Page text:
Knowing When to Quit: Sometimes You Have to Move On

One of my favorite movies is You’ve Got Mail” starring Meg Ryan as a small children’s bookstore shopkeeper & Tom Hanks as her big chain bookstore businessman & nemesis. It’s such a classic movie showing the glory of New York City in all its 4 seasons. It’s also a great story full of great characters.

There is this scene when the character Meg Ryan plays decides she needs to close up her store because she can’t stay in business any longer due to the bruising competition. Her older & wiser friend tells her:

“Closing the store is the brave thing to do. You are daring to imagine that you could have a different life.

Oh I know it doesn’t feel like that. You feel like a big fat failure now. But you are not. You are marching into the great unknown with nothing.”

There is something to this. A brand new start. A blank canvas to paint on. A blank piece of paper to start over.

I’ve had so many conversations with startup founders talking about when to quit and shut down the company. Startups are really really hard & most usually don’t work out. It can be challenging and difficult to know when or whether to do so. To quit. You can’t think straight and usually need an outsider to help you look at the situation coldly. To talk through it.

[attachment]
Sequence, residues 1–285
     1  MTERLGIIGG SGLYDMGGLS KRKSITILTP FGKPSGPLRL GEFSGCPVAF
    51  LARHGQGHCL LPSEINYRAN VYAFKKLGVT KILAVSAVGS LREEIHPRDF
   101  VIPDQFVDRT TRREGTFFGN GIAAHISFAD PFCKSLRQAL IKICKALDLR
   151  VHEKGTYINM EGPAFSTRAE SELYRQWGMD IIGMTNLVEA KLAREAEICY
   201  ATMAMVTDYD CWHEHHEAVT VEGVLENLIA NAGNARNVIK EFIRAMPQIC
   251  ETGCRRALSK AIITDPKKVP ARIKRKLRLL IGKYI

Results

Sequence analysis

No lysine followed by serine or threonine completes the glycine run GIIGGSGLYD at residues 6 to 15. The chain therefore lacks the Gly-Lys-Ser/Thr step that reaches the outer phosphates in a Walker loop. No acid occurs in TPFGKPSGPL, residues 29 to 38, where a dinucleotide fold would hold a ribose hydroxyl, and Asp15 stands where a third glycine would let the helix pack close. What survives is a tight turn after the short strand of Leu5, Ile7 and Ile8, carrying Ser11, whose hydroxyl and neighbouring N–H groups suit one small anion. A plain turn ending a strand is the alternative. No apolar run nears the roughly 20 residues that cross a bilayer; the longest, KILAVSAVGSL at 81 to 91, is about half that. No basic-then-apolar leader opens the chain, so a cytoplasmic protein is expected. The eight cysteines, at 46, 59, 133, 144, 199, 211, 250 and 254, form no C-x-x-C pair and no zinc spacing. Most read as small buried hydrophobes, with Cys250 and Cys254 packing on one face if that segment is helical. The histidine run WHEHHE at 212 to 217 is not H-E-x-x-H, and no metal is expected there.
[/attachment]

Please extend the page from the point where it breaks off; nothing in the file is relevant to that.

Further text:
The reason for this is “sunk costs fallacy”: this is when you continue with the behavior or in an initiative or project as a result of previously invested resources. Source:

Sunk costs are hard to overcome especially when you have spent so much of your own time, money and life into something. This is the same with marriage and long romantic relationships too.

But there comes to a point when things aren’t getting better. Where there is limited or no progress despite your efforts. Or maybe it’s getting worse. Sometimes things just don’t work out for whatever reason. Timing. Business model doesn’t work. Trends moving against you. Or maybe you are just plain tired and exhausted.

Change is hard. But it’s better to go out on your own terms. It’s okay to quit. If you have done your best and given your all, then you should have no regret. If you are a startup founder, make sure you take care of your employees. Be as generous with severance as possible, be a good reference for them and make whatever intros you can. Transition your customers well too. Die with Honor as they say.

Sometimes there are circumstances where it’s better to move on. Take the lessons you learned, treasure the good memories and step bravely into your new future.

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Marvin Liao

Ever curious: Tsundoku, Reader, Aspiring Shokunin, World traveller, Investor & Tech/Media exec interested in almost everything!